Chicago Bears general manager Jerry Angelo said today that, as of this afternoon, Sam Hurd will no longer be a member of the team. The club has waived him. Hurd was arrested Wednesday night on drug charges after allegedly attempting to but a kilogram of cocaine from an undercover agent.
"This afternoon we are going to cut Sam Hurd," Angelo said. "So he'll be on the [waiver] wire today."
Angelo defended the team's procedures for background checks on all incoming players, both rookies and veterans.
"When we do our homework on players, we have a very sound and tested methodology that we go about researching all players," he said. "We spend an inordinate amount of time on character, making sure we know the players as well as we can, but no system is foolproof.
"But for me to sit here and say that we should have known something that we didn't know. No, I can't say that in this case. There is no foundation for anybody to say that. There are no facts. There were no flags that anybody could present tangibly to say we should have known otherwise."
The federal complaint against Hurd states his car was pulled over in Dallas on July 27, 2011. Authorities found a bag that field tested positive for marijuana and another bag with $88,000 in cash. The vehicle and the driver were released without incident.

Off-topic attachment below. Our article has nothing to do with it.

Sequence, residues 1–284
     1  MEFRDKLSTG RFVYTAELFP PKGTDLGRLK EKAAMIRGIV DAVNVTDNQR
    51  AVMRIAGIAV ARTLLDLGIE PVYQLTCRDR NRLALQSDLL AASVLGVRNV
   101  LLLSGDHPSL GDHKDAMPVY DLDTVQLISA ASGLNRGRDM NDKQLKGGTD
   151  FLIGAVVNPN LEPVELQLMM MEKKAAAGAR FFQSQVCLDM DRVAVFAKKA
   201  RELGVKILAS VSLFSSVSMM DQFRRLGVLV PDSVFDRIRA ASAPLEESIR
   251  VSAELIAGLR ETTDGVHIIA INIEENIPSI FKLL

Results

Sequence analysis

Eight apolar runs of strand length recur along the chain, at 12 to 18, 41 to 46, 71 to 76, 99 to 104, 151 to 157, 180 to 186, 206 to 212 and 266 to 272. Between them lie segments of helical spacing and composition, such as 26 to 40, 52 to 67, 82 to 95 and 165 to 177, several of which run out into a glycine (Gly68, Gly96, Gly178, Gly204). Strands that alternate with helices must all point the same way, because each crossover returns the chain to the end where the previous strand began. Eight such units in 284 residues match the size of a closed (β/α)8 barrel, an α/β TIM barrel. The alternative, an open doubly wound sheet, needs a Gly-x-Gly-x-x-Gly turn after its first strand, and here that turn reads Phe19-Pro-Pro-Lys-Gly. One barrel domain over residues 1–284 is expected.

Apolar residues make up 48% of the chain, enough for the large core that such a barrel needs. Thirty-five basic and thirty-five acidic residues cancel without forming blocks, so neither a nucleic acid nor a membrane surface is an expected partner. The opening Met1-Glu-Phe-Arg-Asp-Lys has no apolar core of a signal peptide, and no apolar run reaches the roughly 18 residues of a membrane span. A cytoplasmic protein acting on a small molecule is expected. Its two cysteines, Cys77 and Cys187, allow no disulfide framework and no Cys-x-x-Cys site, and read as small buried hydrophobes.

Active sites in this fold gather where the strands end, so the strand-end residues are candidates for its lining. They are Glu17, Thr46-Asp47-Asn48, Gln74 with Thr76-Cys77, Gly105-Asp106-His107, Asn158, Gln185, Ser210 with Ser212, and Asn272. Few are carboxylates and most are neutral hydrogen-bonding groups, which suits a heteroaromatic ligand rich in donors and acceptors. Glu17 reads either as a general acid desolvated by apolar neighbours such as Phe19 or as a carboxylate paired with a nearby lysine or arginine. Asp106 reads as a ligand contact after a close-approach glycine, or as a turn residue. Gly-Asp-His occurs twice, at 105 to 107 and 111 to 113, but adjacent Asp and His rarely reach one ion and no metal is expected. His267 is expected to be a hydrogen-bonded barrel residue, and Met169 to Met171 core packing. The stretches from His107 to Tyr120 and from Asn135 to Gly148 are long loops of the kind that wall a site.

At that time, Hurd was being investigated for attempting to purchase four kilograms of cocaine through his "co-conspirator". Yet the Bears signed him two days later, on July 29, to a three-year contract, raising questions regarding the organization's vetting process.
"From my understanding, he wasn't the one that was pulled over. His vehicle was pulled over and he was not the driver," said Angelo. "That was never made public. So he was never charged with anything, there was never any record to our knowledge of anything. It was, from my understanding, a citation. But other than that, there was no other information that was presented to us."
Angelo said he didn't believe Hurd's agent, Ian Greengross, knew about his client's dealings, but that he should have. He also said the league did not inform the club of their knowledge of the situation before Thursday morning.
"As you know the league has people, security people in each city, ours included obviously, to do their own independent research. But there was nothing ever presented to us from the league."
He declined comment on whether the team would try to recoup some of Hurd's $1.35 million signing bonus, or if this incident will affect Angelo's future with the team. He also would not discuss if he felt other players in Chicago's locker room might have been involved.
"I can't talk about that. I'm certainly not going on any witch hunt here about players. The one thing we've done, when there's been a wrong, we've acted. We don't justify wrongs. We've acted. We have a track record of doing that.
"Unfortunately, a situation arose that caught us off guard but not to the point where we aren't going to do the right thing. And the right thing is to cut Sam Hurd."
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Jeremy Stoltz is Publisher of BearReport.com and a member of the Pro Football Writers of America. To read him every day, visit BearReport.com and become a Chicago Bears insider.